And if someone gets upset you say, "chill out"!

Friday, 25 December 2009

It was interesting to see Clint Adams describe love and dissatification with configuration management.

At work I've got control of 150(ish) machines which are managed via CFEngine. These machines are exclusively running Debian Lenny. In addition to these hosts we also have several machines running Solaris, OpenBSD, and various Ubuntu releases for different purposes.

Unfortunately I made a mistake when I setup the CFEngine infrastructure and when writing all the policies, files, etc, I essentially said "OK CFEngine controlled? Then it is Debian". (This has been slowly changing over time, but not very quickly.)

But in short this means that the machines running *BSD, Solaris, and non-Debian distributions haven't been managed as well via CFEngine as the rest, even though technically they could have been.

A while back I decided that it was time to deal with this situation. Looking around the various options it seemed Puppet was the way of the future and using that we could rewrite/port our policies and make sure they were both cleanly organised and made no assumptions.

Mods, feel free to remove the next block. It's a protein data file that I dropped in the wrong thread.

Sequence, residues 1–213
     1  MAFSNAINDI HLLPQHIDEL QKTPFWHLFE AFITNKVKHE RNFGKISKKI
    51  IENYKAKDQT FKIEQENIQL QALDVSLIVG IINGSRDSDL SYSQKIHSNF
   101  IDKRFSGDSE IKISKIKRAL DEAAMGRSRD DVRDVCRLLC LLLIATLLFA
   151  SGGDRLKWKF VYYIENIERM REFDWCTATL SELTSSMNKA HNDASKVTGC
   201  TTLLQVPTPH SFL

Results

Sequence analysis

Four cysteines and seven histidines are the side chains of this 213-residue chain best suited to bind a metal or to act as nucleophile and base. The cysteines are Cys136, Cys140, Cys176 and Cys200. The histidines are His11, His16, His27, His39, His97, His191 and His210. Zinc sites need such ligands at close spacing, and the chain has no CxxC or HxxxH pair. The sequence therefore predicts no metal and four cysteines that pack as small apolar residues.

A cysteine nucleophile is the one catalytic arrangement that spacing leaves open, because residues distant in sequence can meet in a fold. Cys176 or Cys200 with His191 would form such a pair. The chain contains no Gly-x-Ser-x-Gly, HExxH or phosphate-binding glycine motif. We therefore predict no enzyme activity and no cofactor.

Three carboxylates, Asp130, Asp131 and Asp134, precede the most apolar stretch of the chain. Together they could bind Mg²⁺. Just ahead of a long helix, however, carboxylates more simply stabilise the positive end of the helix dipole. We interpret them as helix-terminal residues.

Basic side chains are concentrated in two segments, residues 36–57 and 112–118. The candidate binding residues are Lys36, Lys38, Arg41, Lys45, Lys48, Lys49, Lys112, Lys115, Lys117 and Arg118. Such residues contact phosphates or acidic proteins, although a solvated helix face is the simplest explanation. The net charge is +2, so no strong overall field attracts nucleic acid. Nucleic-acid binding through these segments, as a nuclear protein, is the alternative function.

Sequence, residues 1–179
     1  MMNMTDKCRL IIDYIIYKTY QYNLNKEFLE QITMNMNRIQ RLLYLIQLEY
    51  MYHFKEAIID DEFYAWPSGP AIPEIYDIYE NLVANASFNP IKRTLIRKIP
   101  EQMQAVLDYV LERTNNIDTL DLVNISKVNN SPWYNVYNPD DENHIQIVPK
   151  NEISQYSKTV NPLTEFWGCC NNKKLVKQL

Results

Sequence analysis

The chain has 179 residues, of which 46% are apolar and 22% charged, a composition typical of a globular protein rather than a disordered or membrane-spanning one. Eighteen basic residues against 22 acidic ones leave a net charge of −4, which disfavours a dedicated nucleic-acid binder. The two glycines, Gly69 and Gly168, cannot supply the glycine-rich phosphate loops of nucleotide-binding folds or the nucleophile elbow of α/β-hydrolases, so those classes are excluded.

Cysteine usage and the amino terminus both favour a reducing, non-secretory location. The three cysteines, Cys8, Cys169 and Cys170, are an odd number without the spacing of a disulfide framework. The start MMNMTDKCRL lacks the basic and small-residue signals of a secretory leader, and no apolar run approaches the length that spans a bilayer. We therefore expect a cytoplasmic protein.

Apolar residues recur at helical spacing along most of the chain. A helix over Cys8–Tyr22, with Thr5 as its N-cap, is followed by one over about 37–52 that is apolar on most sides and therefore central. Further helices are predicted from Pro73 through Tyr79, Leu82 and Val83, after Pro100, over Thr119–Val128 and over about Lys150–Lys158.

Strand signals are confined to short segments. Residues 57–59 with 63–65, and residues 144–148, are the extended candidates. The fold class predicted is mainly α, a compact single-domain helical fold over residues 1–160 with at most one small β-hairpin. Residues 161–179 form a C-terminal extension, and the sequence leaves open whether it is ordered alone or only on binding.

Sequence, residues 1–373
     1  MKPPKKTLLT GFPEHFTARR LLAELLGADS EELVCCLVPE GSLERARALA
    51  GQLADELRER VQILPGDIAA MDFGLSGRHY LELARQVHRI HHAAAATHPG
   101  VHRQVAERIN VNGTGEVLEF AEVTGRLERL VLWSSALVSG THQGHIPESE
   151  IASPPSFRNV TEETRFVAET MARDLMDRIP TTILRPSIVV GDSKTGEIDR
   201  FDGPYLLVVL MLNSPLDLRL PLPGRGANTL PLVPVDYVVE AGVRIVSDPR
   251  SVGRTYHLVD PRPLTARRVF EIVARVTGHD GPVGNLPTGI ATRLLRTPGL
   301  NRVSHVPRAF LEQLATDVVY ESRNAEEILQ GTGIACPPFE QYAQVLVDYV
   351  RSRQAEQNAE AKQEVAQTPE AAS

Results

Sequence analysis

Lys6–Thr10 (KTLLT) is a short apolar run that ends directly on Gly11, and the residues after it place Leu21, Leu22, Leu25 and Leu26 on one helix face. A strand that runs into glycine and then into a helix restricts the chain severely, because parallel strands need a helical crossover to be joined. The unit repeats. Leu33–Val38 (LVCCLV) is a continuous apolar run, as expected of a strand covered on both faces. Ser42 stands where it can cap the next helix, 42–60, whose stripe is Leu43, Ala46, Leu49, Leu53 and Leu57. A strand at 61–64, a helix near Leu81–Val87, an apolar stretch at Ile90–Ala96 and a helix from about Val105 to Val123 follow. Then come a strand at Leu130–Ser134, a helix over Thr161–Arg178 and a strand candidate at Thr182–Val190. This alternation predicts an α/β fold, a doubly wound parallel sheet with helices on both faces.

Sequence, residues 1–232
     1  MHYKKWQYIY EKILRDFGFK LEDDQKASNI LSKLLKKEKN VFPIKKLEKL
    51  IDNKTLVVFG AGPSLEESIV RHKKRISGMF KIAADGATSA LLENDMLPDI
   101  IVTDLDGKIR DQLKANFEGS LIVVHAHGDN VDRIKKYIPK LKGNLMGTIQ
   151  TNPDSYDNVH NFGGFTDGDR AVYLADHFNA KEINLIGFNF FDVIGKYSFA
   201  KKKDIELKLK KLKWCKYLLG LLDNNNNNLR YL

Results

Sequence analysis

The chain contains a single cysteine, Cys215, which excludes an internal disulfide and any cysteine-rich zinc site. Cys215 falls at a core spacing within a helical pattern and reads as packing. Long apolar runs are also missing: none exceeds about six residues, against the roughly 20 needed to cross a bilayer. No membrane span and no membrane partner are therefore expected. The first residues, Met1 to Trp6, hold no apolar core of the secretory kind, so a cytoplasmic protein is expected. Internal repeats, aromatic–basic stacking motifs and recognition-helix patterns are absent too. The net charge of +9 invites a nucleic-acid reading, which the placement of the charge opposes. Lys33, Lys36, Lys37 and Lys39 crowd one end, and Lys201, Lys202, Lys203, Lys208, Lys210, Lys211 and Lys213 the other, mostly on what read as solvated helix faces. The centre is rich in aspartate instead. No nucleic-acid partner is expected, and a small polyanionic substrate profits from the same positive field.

So I setup a puppetmaster machine, then I installed the client on a range of client machines (openbsd, debian lenny, ubuntu, solaris) so that I could convince myself my approach was valid, and that the tool itself could do everything I wanted it to do.

Unfortunately using puppet soon became painful. It has primitives for doing various things such as maintaining local users, working with cronjobs, and similar. Unfortunately not all primitives work upon all platforms, which kinda makes me think "what's the point?". For example the puppet client running upon FreeBSD will let you add a local user, setup a ~/.ssh/authorized_keys file but will not let you setup a password. (Which means you can add users who can login, but then cannot use sudo. Subpar)